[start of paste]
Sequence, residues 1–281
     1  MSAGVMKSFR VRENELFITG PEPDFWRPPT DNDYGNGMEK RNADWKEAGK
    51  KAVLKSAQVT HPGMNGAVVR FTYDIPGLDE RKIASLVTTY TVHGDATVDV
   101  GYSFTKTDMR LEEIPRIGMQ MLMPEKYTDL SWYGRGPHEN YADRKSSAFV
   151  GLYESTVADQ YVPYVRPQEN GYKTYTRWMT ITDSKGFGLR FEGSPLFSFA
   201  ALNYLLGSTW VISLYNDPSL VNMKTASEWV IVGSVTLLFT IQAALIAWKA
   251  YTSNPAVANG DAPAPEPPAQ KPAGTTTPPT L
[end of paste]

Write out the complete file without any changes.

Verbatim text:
Sequence, residues 1–281
     1  MSAGVMKSFR VRENELFITG PEPDFWRPPT DNDYGNGMEK RNADWKEAGK
    51  KAVLKSAQVT HPGMNGAVVR FTYDIPGLDE RKIASLVTTY TVHGDATVDV
   101  GYSFTKTDMR LEEIPRIGMQ MLMPEKYTDL SWYGRGPHEN YADRKSSAFV
   151  GLYESTVADQ YVPYVRPQEN GYKTYTRWMT ITDSKGFGLR FEGSPLFSFA
   201  ALNYLLGSTW VISLYNDPSL VNMKTASEWV IVGSVTLLFT IQAALIAWKA
   251  YTSNPAVANG DAPAPEPPAQ KPAGTTTPPT L